It was back in August last year that I read that The Cottage Smallholder was making Pickled Walnuts and I suggested that we get together around Christmas time to compare our PWs with hers. Just before Christmas we arranged a date, and last night the Victorian pickle fork lay in wait for the contestants . . .
Of course pickled walnuts can't be savoured alone – they need a traditional spread of cold meats and cheeses as a background for their complex top-notes. Inspired by my Christmas present – What to cook now by Valentine Warner I made leek vinaigrette using some lovely fresh fat leeks from the farm veg stall at 100 Histon Road, Cottenham and eggs from our under-gardeners of course. I had been on a foraging expedition of my favourite local suppliers and gleaned ham and haslet from Beaumont's Butchers in Fulbourn; smoked eel, a big crusty granary loaf, and some delicate spelt crackers from The River Farm Smokery in Bottisham. The ingredients for the main dish – Pork and Duck Terrine, were bought from my favourite butchers at Highgate Country Store in Willingham; where I also bought some very fine Blue Stilton and a delicious Isle of Bute Cheddar cheese. Making the terrine was a labour of love and took far longer than the recipe suggested! But it was worth every hour – and the yummy jelly which formed around the edge was heavenly!!!
Before we started tasting the 2008 pickled walnuts, we sampled Cliff's 2005 vintage PWs, these were pickled in white malt vinegar flavoured with mixed pickling spice. The vinegar had lost its harshness allowing the spices to be tasted, the texture of the walnuts was firm but soft enough to squash easily with a fork. These made an interesting comparison with the young pickles entered into The Pickled Walnut Challenge . . .
Purple Podded Peas entered two jars of Pickled Walnuts, both pickled in early July 2008. Cliff had picked the walnuts at a secret location near Cambridge and followed the pickling method described in Hugh Fearnley-Whittingstall's book The River Cottage Cookbook. Half the walnuts were pickled in cider vinegar, the rest in white-wine vinegar; both vinegars were flavoured with cloves, allspice, mixed peppercorns, bay leaves and cinnamon sticks.
size : large, almost golf ball size! maybe too big.
texture : very good, firm but easily cut to show a good cross-section of immature nut.
flavour : harsh vinegar tang, robust spicing.
summary : needs longer to mature; a well crafted traditionally flavoured pickled walnut which hopefully will mellow over the months ahead.
The Cottage Smallholder also entered two jars of pickled walnuts one in cider vinegar and one in white-wine vinegar, but with different spices. The walnuts were picked in late July from an undisclosed location near Newmarket and pickled in early August 2008, see more notes about the recipes here.
Jar A: cider vinegar flavoured with cloves, ginger, alspice, garlic, peppercorns and molasses.
size : medium, a perfect pickled walnut dimensions.
texture : the outer layer was tender but the core was perilously crunchy in places as the nutshell had already started to form.
flavour : harsh vinegar tang; the inclusion of garlic and fresh ginger gave this pickle a hint of oriental spicing.
summary : a pity that the walnuts had not been picked when younger as the flavourings are good.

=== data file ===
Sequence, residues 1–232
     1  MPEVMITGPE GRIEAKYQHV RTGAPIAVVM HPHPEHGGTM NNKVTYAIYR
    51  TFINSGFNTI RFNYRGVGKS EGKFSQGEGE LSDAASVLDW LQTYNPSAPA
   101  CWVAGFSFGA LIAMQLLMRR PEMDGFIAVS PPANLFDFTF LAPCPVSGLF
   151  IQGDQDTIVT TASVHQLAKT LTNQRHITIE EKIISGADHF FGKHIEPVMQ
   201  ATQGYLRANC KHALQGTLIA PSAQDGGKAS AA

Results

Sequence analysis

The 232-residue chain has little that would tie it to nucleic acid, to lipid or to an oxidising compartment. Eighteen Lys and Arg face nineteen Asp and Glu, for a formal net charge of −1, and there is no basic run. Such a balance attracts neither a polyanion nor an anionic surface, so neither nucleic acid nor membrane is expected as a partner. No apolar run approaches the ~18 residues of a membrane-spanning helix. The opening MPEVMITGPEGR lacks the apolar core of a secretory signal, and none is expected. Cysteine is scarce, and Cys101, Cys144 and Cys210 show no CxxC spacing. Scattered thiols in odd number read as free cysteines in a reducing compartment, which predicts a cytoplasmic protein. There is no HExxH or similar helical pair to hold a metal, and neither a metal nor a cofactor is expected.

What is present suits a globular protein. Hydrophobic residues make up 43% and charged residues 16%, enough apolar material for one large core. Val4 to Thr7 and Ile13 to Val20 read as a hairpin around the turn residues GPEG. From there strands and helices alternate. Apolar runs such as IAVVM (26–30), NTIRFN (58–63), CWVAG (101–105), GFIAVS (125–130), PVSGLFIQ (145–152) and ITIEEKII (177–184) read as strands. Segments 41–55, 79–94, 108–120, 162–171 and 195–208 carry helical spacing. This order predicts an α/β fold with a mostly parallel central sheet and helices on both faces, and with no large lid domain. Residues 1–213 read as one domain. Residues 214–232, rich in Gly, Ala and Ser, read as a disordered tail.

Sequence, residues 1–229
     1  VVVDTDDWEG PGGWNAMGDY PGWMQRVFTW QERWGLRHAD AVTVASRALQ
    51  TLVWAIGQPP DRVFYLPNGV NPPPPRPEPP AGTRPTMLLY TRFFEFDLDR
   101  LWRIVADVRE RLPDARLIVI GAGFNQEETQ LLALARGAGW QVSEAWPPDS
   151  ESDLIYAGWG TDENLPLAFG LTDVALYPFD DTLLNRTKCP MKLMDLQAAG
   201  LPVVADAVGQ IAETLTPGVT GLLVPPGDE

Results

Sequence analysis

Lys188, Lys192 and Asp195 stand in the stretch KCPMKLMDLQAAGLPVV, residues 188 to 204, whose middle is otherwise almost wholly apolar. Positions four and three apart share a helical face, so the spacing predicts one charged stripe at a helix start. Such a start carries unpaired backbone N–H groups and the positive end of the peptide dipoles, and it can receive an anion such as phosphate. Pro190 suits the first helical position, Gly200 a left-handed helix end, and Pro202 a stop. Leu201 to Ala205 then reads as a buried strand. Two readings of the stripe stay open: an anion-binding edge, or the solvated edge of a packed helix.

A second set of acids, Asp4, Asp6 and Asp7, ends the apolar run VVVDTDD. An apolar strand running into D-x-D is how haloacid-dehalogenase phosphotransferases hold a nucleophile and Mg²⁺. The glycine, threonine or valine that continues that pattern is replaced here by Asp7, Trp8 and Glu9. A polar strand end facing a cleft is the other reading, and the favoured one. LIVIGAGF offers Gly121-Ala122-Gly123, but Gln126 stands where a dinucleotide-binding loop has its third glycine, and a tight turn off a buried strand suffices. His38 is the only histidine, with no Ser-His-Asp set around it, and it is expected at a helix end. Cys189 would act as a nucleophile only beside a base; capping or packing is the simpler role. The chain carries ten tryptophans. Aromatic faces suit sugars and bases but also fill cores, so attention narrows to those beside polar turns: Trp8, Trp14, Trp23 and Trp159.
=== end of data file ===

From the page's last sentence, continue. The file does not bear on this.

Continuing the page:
Jar B: white-wine vinegar flavoured with tarragon, allspice, cloves, mace, bay leaves, garlic, peppercorns and molasses.
size : medium, a perfect pickled walnut dimensions.
texture : firm but still a good pickled walnut, maturing may soften them more.
flavour : harsh vinegar tang; the tarragon adds an anise note which is surprising in a pickled walnut and slightly medicinal in character.
summary : it will be interesting to try this pickle after further maturing as the flavourings may mellow.
As well as the miriad of PWs we had a 'guest pickle' – Cliff's Piccalilli. everyone agreed that it was a 'mighty fine pickle' and a perfect accompaniment to the terrine. More will have to made in 2009 and plans are underway to dedicate an area of the vegetable garden to the growing of picalilli ingredients!
After all that you'd think we'd be ready to lie down for a snooze! But the feasting continued . . .
You may remember that the original challenge to The Cottage Smallholder included tasting Sloe Gin, as we know she was conducting intensive field trials into this delectable liqueur. Sadly she had to announce that the Cottage Smallholder Sloe Gin was suffering from an over-dose of almond essence and had been withdrawn from the contest. Nevertheless we'd got four bottles of home-made fruit liqueur from the Purple Podded Peas cupboards: Sloe Gin, Sloe Vodka and Damson Gin all made from fruit grown in our garden; and a 'guest liqueur', Quince Brandy, made using this recipe. These all went very nicely with the winter fruit compote (dried apricots and sultanas soaked in redbush tea with a small piece of vanilla pod; then warmed through with the addition of chopped Cox's apples and Conference pears and a spoonful of local honey)served with whipped cream, slices of Panettone and the remnants of the Christmas cake.
The Cottage Smallholder went home with the Victorian Pickle Fork (maybe it will become a legendary trophy like The Ashes) and a box of blue shelled eggs laid by The Spices. If anyone is up for a challenge then get pickling! And let us know if you're up for the challenge next Christmas.
PS. Matron - the Christmas cake was tested with a sliver of Isle of Bute Cheddar - verdict: excellent!